As IRNA reported, IRISL formed an operational working group for the development of transportation along INSTC in early April and the company has so far allocated 300 vessels to the transportation of goods through this corridor.
The north-south corridor was primarily launched with the aim of transiting goods between India and Europe through Iran; however, it remained in the early stages of execution for many years.
The conflicts between Russia and Ukraine and the special geopolitical situation of Iran in the region have once again laid a suitable ground for the revival of the mentioned corridor; so, this has created a great business opportunity for the Islamic Republic of Iran on the international stage.
Currently, most of the commodities that are transported through Iran along the INSTC are shipments from Russia for India.
Russians and Indians know very well that the transit time of shipping goods on routes through the Black Sea and Suez Canal takes something between 45 and 60 days, and cargoes on these two routes roam 14,000 kilometers from ports of Central Asian countries to East Asian countries which is considered a very long way. However, the same goods reach their destination via the INSTC using Iranian Bandar Abbas and Chabahar ports in only 14 to 15 days which is a third of that time.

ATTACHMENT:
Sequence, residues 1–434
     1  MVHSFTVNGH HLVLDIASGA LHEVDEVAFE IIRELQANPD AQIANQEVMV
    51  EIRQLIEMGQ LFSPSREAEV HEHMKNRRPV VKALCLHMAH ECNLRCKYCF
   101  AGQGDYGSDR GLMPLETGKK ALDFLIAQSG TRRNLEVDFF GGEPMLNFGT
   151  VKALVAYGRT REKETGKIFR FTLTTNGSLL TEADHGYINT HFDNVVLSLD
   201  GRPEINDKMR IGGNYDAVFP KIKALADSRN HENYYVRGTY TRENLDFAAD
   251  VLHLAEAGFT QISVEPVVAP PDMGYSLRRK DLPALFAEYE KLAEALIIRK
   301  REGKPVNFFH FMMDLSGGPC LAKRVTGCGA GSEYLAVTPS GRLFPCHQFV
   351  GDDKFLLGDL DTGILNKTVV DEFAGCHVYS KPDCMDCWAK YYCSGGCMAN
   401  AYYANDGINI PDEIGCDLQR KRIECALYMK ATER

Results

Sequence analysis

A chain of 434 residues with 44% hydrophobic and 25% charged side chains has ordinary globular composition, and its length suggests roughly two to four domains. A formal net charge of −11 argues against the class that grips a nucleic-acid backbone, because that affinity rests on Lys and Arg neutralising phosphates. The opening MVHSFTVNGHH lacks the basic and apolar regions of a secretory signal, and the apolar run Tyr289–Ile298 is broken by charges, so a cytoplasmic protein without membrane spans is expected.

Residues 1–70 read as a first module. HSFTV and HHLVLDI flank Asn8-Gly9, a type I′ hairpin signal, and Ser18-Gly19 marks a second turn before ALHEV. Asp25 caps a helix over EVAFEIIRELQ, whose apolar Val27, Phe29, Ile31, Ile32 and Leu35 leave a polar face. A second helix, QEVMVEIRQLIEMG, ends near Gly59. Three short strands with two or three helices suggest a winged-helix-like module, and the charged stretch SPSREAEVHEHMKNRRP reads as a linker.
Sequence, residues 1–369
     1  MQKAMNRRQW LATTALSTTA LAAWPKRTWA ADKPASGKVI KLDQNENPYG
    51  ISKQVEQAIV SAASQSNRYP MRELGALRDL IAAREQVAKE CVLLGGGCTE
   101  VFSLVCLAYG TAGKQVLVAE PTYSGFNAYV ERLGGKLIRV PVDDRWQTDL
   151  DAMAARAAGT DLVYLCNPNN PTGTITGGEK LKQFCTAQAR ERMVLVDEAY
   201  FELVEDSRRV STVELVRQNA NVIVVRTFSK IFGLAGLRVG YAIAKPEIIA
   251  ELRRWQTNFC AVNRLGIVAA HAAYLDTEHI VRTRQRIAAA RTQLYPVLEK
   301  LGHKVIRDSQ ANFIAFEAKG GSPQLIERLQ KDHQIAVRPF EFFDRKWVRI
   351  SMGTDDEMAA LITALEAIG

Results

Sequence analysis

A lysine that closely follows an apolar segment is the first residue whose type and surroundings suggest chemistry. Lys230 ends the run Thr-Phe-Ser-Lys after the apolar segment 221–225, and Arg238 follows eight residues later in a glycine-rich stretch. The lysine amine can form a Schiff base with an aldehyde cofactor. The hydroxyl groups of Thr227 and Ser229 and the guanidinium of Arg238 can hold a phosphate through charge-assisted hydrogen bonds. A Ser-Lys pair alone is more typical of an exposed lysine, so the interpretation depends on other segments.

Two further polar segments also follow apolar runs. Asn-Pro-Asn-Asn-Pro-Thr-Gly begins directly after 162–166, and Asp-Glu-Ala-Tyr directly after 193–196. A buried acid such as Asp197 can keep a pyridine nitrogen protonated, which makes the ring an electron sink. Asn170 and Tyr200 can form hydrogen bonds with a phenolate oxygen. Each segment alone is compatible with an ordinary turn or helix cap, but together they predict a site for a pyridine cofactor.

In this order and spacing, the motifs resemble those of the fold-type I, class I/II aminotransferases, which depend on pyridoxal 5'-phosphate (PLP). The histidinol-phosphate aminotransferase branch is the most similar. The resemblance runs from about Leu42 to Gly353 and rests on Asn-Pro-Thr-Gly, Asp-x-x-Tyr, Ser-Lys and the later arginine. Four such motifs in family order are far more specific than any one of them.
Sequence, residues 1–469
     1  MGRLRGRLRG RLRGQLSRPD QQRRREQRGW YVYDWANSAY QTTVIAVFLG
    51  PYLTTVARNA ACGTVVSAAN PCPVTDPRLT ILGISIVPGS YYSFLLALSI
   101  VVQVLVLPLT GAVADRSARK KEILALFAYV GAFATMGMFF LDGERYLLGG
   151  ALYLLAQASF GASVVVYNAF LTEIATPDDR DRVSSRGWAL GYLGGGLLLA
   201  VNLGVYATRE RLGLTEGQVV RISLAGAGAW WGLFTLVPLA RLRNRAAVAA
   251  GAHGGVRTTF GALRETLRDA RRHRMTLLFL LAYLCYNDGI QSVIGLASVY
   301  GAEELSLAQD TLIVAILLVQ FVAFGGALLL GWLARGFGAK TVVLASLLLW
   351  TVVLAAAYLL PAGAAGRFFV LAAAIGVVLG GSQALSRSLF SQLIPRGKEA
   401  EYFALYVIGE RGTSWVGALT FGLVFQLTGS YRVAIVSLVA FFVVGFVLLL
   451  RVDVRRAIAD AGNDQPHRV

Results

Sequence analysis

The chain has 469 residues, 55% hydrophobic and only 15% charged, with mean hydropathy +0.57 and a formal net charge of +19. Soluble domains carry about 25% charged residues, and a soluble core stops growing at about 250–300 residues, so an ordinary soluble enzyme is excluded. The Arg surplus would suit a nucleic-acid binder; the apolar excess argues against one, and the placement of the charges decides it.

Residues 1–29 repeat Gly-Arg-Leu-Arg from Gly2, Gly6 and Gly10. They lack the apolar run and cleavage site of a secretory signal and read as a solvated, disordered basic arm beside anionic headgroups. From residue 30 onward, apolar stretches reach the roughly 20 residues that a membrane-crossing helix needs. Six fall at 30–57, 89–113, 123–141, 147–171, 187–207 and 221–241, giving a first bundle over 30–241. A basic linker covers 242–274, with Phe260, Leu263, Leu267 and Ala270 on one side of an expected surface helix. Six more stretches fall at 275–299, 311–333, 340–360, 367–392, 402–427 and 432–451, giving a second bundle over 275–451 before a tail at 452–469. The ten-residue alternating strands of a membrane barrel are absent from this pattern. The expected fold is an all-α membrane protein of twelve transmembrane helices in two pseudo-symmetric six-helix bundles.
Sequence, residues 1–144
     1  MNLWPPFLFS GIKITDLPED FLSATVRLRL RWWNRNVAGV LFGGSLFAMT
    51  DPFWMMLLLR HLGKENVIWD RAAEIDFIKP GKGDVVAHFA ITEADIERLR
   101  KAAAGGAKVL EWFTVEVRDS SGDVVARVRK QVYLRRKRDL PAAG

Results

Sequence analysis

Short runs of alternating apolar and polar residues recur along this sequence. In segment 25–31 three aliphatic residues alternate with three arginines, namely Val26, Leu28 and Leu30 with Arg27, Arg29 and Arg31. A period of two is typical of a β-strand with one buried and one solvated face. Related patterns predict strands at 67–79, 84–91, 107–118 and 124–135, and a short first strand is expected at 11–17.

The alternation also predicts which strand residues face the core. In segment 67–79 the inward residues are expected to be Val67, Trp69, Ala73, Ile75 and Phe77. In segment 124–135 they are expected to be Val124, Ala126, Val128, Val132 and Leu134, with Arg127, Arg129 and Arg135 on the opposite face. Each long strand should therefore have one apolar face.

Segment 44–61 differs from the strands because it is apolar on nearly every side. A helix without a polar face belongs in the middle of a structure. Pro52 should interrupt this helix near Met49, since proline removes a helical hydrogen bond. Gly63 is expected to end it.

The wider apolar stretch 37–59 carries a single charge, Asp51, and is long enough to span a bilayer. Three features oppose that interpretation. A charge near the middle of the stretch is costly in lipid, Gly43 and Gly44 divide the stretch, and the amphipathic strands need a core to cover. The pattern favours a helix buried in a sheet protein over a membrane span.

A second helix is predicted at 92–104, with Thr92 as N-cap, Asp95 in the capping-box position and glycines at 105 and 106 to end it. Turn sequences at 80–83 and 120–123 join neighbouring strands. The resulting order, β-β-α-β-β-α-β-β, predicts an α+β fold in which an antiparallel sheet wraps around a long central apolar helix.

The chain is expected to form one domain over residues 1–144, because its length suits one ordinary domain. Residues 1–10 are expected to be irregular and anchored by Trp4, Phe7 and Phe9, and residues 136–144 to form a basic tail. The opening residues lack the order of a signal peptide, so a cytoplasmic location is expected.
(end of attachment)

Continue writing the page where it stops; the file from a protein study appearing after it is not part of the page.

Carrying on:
To be transited through the north-south corridor, cargos enter northern Iranian ports on the Caspian Sea shores and then transferred by road to the southern ports of the country on the Persian Gulf. From there they are loaded onto a ship and sent to their destinations in East Asia.
Source: Tehran Times